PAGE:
Feed on

GMO crops are safe and promote a better environment (via less land use and less pesticide and herbicide use). There is almost no research out there to confirm any of the outrageous claims of opponents. The best opponents can do is link to fancy, slick, flyers from anti-"E"nviornmental organizations (that's my new name for them) that just claim it is bad.

I think many GM opponents have had to face this reality. But rather than be persuaded by the lack of evidence of the harm of GMOs, they simply continue in their hunt for another reason to shut them down. I'll ask a question first and then make a comment.

The question:

  • If GMOs had been, and are, developed by small mom-and-pop organizations and farmers, and which "strengthened" local communities and not mega-firms like Monsanto, do you think folks would be as aghast at the Frankenfoods as they are today? To ask this question is to answer it. We are in the realm of religion. Which is fine. Just stop making it out to be anything else.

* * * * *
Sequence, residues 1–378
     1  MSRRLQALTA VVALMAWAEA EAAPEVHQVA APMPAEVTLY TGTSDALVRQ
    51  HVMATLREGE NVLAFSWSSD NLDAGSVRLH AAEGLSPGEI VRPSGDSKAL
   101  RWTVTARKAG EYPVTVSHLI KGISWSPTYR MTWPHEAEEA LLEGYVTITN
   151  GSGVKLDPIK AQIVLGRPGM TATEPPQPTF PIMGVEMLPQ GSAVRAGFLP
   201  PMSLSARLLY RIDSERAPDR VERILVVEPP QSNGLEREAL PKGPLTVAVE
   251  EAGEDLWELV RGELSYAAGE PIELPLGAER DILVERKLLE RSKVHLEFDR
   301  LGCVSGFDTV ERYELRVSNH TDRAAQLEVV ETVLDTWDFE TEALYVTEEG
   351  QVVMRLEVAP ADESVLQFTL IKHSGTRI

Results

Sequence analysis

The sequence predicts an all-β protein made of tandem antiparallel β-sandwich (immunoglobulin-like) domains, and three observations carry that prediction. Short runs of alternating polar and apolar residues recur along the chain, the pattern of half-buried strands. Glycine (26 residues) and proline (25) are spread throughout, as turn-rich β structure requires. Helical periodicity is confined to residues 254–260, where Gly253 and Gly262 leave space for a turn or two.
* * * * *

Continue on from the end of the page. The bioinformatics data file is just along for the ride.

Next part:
• It's always time "for more research." Always. And the anti-"E"nvironmentalists want fracking bans, GMO bans, and the like until "more research" is done. Yet I have never seen an anti-"E"nvironmentalist lay out conditions for when these things would become acceptable. What research outcome would you find to be acceptable and therefore tell me that it is OK to proceed with your disfavored technology. Seriously. Ask any opponent of anything out there to specify what research would have to confirm before they would accept the new technology and you'll either hear crickets – or an outright rejection of the laws of scarcity. For example, one of my students wrote a very nice OpEd in our campus paper trying to get himself uninvited to cocktail parties by trying to have folks think clearly about the U of R investing in companies like Raytheon. The socialists' objections to this on campus is that we are profiting at the U of R from a company that makes missiles. My student correctly asked the question, "as compared to what?" In other words, Raytheon develops weapons that produce far less collateral damage than what was used before-hand. The stylish socialists of course object by simply changing the question. "Are you saying that war and death is good?" Of course you cannot have a reasonable discussion. The point is that investing in Raytheon, may at the margin, actually improve human well-being. Asking for people to now be perpetually in a state of war is like asking for St. Obama to shower free health care on us without having anyone have to provide it. The same is true when it comes to the environment. No damage at all, anywhere, is permitted. Of course, the "as compared to what" is millions of sick and starving and poor people around the world that the anti-"E"nvironmentalists either pretend don't exist, or pretend exist because capitalism and Monsanto made them this way. Just tell me how effective Monsanto was at making people poor and hungry in the 15th century.